I found this event remarkable in the breadth and intensity of the ideas and emotions expressed. To hear five such diverse and intriguing voices from all around the globe was truly an inspiring experience.

By: Patricia Stumpp


NYCT’s Machine Translation Meeting of September 21, 2020

On Monday September 21, 2020, the Circle presented an online seminar entitled “Artificial Intelligence, Machine Translation and Future Linguists Like You.” The presenter was Professor Graham Neubig from the Carnegie Mellon Language Technologies Institute.

Professor Neubig’s background is quite diverse in that it includes both computer science expertise and experience in interpretation and translation. Fascinated with computers from an early age, he had the opportunity as an adult to live in Japan as a professor in the Agricultural College at Kyoto University. During his tenure at the university he not only taught but also was called upon to act as interpreter/translator for various visiting delegations from other countries who came to tour the college.

In this fascinating presentation, Professor Neubig gave us an overview of machine translation, its technological underpinnings and its strengths and weaknesses. His first example was of a fairly successful machine translation from Japanese into English in which the machine was able to correctly identify the two personal pronouns used in the sentences (he vs. she) based on its ability to correctly associate the proper names in the sentences (Tanaka and Taro) with the appropriate gender.

A second less successful machine translation involved the translation of the Japanese word ko-do that has three meanings: cord, code and chord. In the English translation, the machine used the wrong word (code instead of chord) in a sentence related to music and the wrong word (chord instead of code) in a sentence which involved computer programming.

The professor then outlined the four most common methods of translation, all of which have their strengths and weaknesses. They are:

-Rule-based method: based on linguistic analysis, syntax transformation and word replacement. Limited by the number of linguists available to provide the necessary linguistic inputs in every language.

-Translation memory method: looks up the most similar sentence in the database but cannot generalize to new sentences.

-Phrase-based translation: looks up small chunks of a sentence and combines the chunks into full sentences. May result in sentences that lack fluidity and contain mistakes in syntax.

-Neural machine translation: feeds inputs into a probability model that predicts the next word. Better at syntax and fluency but can also make major errors.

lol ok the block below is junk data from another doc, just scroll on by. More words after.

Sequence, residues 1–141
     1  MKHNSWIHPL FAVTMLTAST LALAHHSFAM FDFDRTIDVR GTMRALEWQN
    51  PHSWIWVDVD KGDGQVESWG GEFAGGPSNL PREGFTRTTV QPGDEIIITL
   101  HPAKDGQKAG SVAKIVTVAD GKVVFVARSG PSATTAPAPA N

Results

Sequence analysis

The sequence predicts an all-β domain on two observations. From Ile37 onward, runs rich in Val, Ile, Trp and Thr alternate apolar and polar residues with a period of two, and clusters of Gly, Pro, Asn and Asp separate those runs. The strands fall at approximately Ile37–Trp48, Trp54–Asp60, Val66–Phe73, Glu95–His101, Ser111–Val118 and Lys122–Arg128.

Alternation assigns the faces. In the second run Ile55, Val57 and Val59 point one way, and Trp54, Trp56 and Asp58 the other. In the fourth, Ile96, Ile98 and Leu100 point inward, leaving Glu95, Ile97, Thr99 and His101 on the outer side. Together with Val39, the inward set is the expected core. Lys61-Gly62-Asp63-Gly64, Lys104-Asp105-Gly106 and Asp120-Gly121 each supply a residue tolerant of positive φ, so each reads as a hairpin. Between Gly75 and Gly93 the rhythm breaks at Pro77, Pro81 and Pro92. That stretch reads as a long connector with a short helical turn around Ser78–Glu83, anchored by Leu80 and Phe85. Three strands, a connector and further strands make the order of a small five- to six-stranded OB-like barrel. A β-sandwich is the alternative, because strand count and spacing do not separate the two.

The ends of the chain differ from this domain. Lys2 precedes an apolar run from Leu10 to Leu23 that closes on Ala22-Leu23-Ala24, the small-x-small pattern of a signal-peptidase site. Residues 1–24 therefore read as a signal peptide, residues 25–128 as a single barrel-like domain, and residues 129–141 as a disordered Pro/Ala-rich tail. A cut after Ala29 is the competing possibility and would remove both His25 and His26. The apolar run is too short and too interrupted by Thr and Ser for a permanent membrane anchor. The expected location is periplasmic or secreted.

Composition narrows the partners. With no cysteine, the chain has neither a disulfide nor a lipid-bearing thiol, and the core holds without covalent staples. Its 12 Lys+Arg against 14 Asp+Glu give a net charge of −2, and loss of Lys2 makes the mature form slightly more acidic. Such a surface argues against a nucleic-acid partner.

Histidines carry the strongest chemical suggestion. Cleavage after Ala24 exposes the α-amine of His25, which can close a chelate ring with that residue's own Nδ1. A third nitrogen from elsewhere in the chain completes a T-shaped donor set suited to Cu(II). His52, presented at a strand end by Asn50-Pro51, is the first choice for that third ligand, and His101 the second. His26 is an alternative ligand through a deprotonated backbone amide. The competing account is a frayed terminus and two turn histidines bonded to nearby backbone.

It is important to note that all four methods are data driven.  For widely diffused languages such as French and German, billions of sentences are available to pass through the machine translation process while lesser diffused languages have access to significantly less data. The disparity in available data may affect the quality of the resulting translations.

This led to a discussion of Artificial Intelligence which the professor defined as “the technology that does something that seems intelligent.”  He also defined Machine Learning as “technology that learns from data to do something that cannot be done easily otherwise.” With the use of graphs, the Professor described the basics of neural machine translation as a sequence of mathematical operations capable of predicting each word in a sentence based on the probability of its use in a particular context.

In conclusion, Professor Neubig summarized what machine translation can and cannot do at the present time. Machines are good at capturing associations between words but not so good in cases where more than one step of reasoning is required. He believes that machine translation is good and will get better. However, it is not perfect, particularly in situations where little data exists, where non-literal translation is involved and where there are cultural implications which ideally would influence the choice of a particular word in a given sentence. In other words, machines are good at memory and speed  but not as good as humans at reasoning. In the future, high quality translation may result from a combination of both human and machine translation.

The Gotham would like to thank Professor Neubig for this thought-provoking presentation. Thanks go also to Serene Su, Program Manager, for organizing this fine event.

By: Patricia Stumpp



[Unknown A1]Would be better to add “…so the overall translation quality of the latter is lower than that of the former…” or similar at the end of this sentence.


[Unknown A2]Would be better if we add “at this moment” at the end of the sentence.


[Unknown A3]“Speech” should be “speed”.